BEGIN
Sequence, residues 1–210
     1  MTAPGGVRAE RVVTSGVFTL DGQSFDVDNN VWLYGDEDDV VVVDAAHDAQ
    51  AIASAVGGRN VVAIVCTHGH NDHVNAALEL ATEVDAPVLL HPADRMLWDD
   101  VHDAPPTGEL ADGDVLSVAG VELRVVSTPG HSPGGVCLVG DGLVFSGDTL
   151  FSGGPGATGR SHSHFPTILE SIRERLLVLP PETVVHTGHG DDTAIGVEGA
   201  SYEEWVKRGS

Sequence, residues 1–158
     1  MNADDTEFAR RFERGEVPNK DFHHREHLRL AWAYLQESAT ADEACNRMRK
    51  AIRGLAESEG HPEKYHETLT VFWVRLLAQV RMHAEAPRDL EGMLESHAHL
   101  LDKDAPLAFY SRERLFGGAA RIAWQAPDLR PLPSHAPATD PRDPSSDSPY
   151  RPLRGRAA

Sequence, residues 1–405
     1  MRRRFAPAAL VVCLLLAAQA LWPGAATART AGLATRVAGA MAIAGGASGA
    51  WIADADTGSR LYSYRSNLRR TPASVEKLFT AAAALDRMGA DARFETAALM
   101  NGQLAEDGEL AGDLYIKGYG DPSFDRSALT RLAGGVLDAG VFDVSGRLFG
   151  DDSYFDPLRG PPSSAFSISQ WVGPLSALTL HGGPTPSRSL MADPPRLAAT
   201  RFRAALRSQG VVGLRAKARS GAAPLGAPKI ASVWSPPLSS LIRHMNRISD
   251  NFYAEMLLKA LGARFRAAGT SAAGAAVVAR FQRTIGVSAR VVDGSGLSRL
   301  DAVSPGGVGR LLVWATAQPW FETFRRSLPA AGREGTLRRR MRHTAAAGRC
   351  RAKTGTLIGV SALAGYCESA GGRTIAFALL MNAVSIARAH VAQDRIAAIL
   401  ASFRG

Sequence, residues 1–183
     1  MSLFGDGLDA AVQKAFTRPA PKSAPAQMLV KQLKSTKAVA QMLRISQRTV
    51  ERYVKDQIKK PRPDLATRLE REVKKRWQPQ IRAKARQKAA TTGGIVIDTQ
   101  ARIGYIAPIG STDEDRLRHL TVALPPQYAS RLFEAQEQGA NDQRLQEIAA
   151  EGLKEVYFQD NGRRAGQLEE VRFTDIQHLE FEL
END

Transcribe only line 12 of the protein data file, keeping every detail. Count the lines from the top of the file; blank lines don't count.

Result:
Sequence, residues 1–405